The Crime Picture Differs From The Boy Crime, Picture, And Show

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Youth who are accused of crimes are often older males. In fact, of all youth court cases reported in 2008-09, 72 percent involved males, while 21 percent involved females (Kong and AuCoin, 2008). The gender of the offender was not reported in seven percent of the cases. This paper will explain how the “girl” crime picture differs from the “boy crime” picture, and show the extent the differences that appear to be increasing/decreasing over time. While it is clear that females are accused of crimes less frequently than boys, the ratio shift depending on the type of crime.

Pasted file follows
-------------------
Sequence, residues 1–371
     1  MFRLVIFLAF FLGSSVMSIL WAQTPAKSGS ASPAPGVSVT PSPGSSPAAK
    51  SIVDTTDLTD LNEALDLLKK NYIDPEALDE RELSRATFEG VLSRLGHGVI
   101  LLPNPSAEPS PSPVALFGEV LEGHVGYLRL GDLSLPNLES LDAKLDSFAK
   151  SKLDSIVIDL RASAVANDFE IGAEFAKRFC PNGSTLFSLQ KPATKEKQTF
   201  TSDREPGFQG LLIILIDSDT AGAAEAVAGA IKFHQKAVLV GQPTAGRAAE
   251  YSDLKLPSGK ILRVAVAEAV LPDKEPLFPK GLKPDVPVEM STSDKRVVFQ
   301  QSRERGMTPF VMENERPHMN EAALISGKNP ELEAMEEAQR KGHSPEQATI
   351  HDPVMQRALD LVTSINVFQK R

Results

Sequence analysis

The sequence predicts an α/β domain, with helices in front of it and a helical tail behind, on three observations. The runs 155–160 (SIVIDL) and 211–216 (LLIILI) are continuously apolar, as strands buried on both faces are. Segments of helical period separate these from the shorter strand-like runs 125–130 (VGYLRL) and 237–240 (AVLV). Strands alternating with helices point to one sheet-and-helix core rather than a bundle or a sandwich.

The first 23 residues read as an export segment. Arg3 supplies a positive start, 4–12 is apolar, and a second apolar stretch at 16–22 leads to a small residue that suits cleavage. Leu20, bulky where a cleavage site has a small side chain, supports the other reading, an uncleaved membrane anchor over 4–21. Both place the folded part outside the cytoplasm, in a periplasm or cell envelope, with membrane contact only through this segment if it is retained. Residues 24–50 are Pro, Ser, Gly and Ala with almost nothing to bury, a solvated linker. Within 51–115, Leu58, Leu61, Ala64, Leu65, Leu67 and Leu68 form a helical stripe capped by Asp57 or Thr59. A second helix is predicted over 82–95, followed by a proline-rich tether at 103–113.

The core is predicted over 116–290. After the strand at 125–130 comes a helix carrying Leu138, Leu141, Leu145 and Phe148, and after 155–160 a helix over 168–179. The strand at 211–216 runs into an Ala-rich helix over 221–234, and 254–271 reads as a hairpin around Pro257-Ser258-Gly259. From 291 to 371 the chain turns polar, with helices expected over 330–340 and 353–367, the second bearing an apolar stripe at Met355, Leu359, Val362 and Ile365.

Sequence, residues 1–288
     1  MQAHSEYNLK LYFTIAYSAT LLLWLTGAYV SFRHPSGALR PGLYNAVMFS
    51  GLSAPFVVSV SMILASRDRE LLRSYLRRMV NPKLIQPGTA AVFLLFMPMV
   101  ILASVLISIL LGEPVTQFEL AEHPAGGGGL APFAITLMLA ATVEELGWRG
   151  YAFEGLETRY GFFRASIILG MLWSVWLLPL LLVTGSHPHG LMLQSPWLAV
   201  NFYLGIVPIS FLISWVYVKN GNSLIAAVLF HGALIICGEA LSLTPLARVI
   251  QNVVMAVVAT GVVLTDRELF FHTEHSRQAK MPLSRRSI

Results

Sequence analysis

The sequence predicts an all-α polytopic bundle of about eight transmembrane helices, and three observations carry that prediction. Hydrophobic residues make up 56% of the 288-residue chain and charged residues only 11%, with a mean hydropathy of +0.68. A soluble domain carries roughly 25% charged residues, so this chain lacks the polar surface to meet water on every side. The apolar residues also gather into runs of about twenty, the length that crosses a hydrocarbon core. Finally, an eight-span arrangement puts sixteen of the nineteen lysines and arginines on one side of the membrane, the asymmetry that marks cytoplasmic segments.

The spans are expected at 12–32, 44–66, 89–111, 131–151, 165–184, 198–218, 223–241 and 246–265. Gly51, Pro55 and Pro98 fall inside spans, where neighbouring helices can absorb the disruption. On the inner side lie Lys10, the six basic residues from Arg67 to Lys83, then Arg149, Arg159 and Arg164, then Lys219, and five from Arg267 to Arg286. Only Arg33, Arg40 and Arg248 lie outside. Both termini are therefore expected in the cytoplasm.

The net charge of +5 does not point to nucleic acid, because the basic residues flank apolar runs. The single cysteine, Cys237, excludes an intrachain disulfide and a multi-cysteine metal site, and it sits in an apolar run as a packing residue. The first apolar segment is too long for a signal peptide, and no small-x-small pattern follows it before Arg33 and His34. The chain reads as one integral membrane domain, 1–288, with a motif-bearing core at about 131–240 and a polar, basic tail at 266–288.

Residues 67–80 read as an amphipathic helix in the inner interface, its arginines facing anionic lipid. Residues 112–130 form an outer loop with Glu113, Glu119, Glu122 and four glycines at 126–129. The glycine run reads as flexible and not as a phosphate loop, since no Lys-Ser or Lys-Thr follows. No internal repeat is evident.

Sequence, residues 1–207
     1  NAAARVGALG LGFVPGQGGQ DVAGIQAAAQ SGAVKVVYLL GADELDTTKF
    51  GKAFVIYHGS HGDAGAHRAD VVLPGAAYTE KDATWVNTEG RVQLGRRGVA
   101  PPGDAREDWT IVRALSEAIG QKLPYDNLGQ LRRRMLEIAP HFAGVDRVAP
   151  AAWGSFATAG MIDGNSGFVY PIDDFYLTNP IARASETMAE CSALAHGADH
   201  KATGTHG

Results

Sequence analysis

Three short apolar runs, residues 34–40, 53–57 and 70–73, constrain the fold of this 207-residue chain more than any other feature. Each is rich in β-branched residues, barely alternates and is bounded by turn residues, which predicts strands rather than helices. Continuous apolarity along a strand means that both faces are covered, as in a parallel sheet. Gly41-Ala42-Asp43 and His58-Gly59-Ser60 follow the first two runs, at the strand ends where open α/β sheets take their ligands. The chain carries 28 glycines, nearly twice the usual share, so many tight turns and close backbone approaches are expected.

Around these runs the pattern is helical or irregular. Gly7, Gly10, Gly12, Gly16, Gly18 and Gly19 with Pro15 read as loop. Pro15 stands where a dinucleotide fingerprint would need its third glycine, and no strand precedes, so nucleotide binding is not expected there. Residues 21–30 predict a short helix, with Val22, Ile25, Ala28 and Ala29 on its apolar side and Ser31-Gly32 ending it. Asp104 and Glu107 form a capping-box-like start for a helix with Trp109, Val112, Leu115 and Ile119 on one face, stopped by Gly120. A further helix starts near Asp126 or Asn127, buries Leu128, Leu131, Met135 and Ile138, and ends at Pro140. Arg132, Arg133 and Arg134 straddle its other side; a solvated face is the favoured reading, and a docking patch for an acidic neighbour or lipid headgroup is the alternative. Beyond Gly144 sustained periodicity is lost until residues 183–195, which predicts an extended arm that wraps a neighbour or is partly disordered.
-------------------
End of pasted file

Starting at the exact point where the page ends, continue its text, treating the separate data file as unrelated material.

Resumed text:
“Girl” Crime Picture Female youth account for just one out of every five people who are accused by the police in the Criminal Code offenses in Canada (Kong, 2008). This has been a reality for some time now. This low crime rate among females resulted in little being known about female offenders and their motives. The low rate also means women and girls who commit crimes face a Canadian criminal justice system that is primarily designed to deal with male offenders (Kong, 2008). “It is precisely the relatively small number of women and girls who commit crimes that creates a need to regularly monitor trends in offending patterns among females, trends that become masked by the larger male population if not examined separately” (Kong, 2008). Various crime prevention strategies can use the trends in female and male crime patterns. The information can be used to assess the responses by the justice and the social
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